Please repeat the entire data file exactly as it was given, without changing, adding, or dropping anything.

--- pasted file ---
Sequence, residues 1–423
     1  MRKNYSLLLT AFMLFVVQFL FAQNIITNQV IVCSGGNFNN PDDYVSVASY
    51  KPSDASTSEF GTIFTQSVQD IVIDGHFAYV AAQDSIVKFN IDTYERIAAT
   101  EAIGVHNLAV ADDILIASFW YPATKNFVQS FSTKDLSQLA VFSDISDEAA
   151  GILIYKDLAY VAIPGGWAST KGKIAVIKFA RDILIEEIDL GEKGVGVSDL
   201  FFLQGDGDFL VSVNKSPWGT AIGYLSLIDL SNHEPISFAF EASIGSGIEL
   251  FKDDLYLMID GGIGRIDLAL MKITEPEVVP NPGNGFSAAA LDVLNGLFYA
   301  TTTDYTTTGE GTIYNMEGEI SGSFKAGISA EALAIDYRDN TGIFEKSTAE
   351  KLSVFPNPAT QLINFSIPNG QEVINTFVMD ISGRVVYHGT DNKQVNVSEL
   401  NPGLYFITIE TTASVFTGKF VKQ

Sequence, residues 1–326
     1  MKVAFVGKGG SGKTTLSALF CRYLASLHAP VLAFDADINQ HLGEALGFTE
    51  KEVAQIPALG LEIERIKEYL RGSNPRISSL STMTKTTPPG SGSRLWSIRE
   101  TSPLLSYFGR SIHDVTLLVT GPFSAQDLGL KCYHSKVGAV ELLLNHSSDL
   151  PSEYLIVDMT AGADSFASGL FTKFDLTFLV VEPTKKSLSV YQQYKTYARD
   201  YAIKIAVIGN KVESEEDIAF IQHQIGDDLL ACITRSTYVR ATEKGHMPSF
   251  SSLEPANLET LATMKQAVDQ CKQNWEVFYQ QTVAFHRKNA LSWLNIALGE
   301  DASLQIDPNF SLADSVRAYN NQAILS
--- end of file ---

Sequence, residues 1–423
     1  MRKNYSLLLT AFMLFVVQFL FAQNIITNQV IVCSGGNFNN PDDYVSVASY
    51  KPSDASTSEF GTIFTQSVQD IVIDGHFAYV AAQDSIVKFN IDTYERIAAT
   101  EAIGVHNLAV ADDILIASFW YPATKNFVQS FSTKDLSQLA VFSDISDEAA
   151  GILIYKDLAY VAIPGGWAST KGKIAVIKFA RDILIEEIDL GEKGVGVSDL
   201  FFLQGDGDFL VSVNKSPWGT AIGYLSLIDL SNHEPISFAF EASIGSGIEL
   251  FKDDLYLMID GGIGRIDLAL MKITEPEVVP NPGNGFSAAA LDVLNGLFYA
   301  TTTDYTTTGE GTIYNMEGEI SGSFKAGISA EALAIDYRDN TGIFEKSTAE
   351  KLSVFPNPAT QLINFSIPNG QEVINTFVMD ISGRVVYHGT DNKQVNVSEL
   401  NPGLYFITIE TTASVFTGKF VKQ

Sequence, residues 1–326
     1  MKVAFVGKGG SGKTTLSALF CRYLASLHAP VLAFDADINQ HLGEALGFTE
    51  KEVAQIPALG LEIERIKEYL RGSNPRISSL STMTKTTPPG SGSRLWSIRE
   101  TSPLLSYFGR SIHDVTLLVT GPFSAQDLGL KCYHSKVGAV ELLLNHSSDL
   151  PSEYLIVDMT AGADSFASGL FTKFDLTFLV VEPTKKSLSV YQQYKTYARD
   201  YAIKIAVIGN KVESEEDIAF IQHQIGDDLL ACITRSTYVR ATEKGHMPSF
   251  SSLEPANLET LATMKQAVDQ CKQNWEVFYQ QTVAFHRKNA LSWLNIALGE
   301  DASLQIDPNF SLADSVRAYN NQAILS